Sunday, May 17, 2009

Writing for Kids

I have taught drama for approximately 15 years for different theatre companies. And one thing that I have run up again and again is the poor quality of the scripts that are available for children. They are usually two-dimensional cardboard cut-outs. While they are generally insulting to the intelligence levels of kids, they are also boring for the kids to act out. There is nothing so despondent as a group of kids being handed something that has been written by someone without the slightest clue about what kids are like and what they can accomplish. Sanitized, lifeless pieces of paper, that cause the kids to stoop down, not stand up and reach. I have read hundreds of kids scripts and the vast majority of them produce very bad theatre. If you write for children, remember that they are highly-intelligent creatures, some of them are geniuses. Obviously some kids struggle with reading, but theatre provides a voice for these kids. I think of theatre as great literature. It has to be, it only has the words to recommend it. But it is literature from the inside, looking out. Theatre takes actors and changes them into the characters that inhabit the page. As an actor, you are looking out from the pages of the play. When you read a novel, all the characters become part of your world, and you learn to know them well. To an audience, while watching a play, the actors create a three-dimensional world, where the actors are like pop-up characters that come to life. An actor gets to be one of these living characters, and painlessly, they find themselves speaking the words of the great authors, and bringing an imaginary character, a construct of words to life. Usually it helps not to be taught about these great authors in school. There is nothing like dwelling on the rules of literature to kill any interest in a subject. Children can speak Shakespeare without much problem, as long as they have not been inhibited by the fear that it is supposed to be great literature. Once kids learn that they feel inadequate to the task. My latest Puck from A Midsummer Night’s Dream is eleven years old and brilliant. Kids bring a passion, a poetry, a sense of play, and a willingness to learn, and when scripts deny them those things, it demeans them. It dries them up creatively. Shakespeare, Moliere and Checkov, wrote plays for the actors in their casts, and I realized that I would have to write plays for the kids in my casts. The kids come up with ideas, improv some possible scenes and then you have it, inspiration for a play for children. Out of chaos comes creativity. The process of creativity can be chaotic, and you don’t need to control the kids to create good scripts. You only need to harness their energy and creativity with the written word. A succession of written words form the order that is the play. You need characters, conflict and resolution with a good dose of the kids humour thrown in for good measure. Another thing that is important is to teach them, bring what’s inside out. They have potential, bring it out, instead of trying to control it. Let them participate in the creation of their own play. And while you are teaching them about facing out, and stage left and stage right, and to stop upstaging each other, and to open their mouths while they are talking, and to stop pulling Sally’s hair, you can also stretch their vocabulary by giving them words and concepts that they have to reach for, words and concepts that are the foundation of any play. The eleven-year old girl who is playing Puck for me, at eight years old was playing a mouse with a huge vocabulary. She only knew the meaning and the pronunciation of half the words. By performance time, she knew them all and had stretched as a performer. Playing Puck is one more step in her development.. So, instead of looking for scripts online, write your own script, and write a script that the kids can help create. Just remember to have a beginning, a middle and an end, characters and conflict. In the end a resolution. Write them something that teaches and enriches. Write them something that allows them to grow as actors and as people. Children need to be creative. Help them create.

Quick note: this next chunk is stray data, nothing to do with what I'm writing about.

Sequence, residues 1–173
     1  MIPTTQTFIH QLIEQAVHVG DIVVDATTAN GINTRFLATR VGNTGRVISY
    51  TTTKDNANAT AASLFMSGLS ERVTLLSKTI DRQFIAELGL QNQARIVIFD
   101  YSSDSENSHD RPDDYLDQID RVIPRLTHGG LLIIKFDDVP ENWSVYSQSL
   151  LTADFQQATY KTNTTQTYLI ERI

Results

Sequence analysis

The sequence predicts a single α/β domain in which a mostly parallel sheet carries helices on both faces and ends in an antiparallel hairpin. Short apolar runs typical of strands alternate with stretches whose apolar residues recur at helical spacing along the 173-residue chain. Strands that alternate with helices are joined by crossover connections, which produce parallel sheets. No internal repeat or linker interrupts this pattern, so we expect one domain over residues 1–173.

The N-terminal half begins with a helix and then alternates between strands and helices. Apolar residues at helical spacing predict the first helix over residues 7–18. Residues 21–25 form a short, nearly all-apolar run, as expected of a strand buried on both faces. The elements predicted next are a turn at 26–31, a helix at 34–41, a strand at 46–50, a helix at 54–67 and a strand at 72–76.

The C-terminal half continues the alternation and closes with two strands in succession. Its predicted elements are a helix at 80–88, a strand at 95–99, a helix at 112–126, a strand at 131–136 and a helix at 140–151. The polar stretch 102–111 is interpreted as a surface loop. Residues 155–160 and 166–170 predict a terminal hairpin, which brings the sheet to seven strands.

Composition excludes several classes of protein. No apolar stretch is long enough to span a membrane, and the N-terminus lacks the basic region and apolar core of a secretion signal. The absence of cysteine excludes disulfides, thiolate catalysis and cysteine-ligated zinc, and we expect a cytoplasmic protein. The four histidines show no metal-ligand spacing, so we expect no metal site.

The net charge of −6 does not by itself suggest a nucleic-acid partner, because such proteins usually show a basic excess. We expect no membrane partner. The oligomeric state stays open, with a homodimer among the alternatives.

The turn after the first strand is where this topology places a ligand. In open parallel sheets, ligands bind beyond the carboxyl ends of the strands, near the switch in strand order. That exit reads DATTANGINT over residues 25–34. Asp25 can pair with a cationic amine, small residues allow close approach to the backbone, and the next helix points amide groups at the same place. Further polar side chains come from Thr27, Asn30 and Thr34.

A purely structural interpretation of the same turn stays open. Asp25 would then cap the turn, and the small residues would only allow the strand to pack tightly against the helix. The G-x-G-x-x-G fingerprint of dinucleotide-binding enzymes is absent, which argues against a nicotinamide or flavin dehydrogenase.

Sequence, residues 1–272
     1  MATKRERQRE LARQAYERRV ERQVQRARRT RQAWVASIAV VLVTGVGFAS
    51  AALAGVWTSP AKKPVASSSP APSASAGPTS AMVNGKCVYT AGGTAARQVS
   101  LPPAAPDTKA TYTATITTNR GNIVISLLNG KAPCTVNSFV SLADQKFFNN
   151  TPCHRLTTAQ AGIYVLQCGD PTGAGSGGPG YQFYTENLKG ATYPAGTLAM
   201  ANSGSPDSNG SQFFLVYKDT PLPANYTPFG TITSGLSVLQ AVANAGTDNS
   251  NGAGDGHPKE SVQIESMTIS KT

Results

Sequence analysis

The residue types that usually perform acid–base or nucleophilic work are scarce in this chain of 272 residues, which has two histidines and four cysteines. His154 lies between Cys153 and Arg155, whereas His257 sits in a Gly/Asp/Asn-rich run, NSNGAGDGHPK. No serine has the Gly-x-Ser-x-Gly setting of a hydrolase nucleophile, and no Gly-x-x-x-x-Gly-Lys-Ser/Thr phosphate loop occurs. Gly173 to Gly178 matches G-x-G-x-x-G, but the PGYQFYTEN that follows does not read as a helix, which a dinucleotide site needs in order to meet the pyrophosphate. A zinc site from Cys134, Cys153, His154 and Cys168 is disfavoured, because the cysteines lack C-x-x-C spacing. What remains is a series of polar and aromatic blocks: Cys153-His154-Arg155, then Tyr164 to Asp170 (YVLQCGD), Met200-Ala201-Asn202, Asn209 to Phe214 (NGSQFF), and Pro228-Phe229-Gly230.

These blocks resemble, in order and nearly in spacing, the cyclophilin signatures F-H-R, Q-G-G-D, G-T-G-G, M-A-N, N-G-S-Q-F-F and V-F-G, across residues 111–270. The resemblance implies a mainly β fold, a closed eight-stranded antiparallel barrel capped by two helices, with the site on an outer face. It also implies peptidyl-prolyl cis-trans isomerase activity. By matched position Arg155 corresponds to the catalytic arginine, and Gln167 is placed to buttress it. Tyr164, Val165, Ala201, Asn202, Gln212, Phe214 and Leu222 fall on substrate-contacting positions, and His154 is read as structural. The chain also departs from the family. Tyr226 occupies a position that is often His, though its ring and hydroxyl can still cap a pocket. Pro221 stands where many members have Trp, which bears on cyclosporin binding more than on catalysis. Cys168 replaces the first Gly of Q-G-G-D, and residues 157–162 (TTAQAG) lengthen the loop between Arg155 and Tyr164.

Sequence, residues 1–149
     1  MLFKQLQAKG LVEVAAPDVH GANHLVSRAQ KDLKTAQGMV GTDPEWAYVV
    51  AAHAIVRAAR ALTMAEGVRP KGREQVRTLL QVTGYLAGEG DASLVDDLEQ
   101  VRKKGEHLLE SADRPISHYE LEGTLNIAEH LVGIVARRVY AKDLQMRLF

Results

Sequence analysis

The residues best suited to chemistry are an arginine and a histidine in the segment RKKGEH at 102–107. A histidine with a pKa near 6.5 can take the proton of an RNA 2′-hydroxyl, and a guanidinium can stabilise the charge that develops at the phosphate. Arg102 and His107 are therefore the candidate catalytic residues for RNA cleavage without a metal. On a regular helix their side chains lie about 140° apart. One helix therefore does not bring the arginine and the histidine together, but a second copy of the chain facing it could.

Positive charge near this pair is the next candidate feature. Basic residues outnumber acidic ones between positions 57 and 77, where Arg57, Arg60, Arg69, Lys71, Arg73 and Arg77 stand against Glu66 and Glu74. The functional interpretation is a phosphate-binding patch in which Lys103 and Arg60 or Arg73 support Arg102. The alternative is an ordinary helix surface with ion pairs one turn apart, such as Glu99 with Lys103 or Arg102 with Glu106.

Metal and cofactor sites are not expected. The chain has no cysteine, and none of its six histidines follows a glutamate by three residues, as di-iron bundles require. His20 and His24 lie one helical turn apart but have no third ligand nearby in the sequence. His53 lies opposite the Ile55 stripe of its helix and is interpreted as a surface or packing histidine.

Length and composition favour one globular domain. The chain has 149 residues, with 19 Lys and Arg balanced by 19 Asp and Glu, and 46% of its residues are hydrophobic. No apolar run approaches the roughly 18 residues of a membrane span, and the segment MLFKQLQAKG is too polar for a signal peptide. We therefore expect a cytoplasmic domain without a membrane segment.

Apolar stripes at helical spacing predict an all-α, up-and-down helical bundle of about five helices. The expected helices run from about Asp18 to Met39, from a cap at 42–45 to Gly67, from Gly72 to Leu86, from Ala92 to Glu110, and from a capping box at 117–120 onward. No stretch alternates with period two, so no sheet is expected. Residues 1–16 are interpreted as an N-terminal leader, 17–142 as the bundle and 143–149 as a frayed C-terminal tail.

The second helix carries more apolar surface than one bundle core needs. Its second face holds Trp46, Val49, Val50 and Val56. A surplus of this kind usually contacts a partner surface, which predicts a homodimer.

No comments: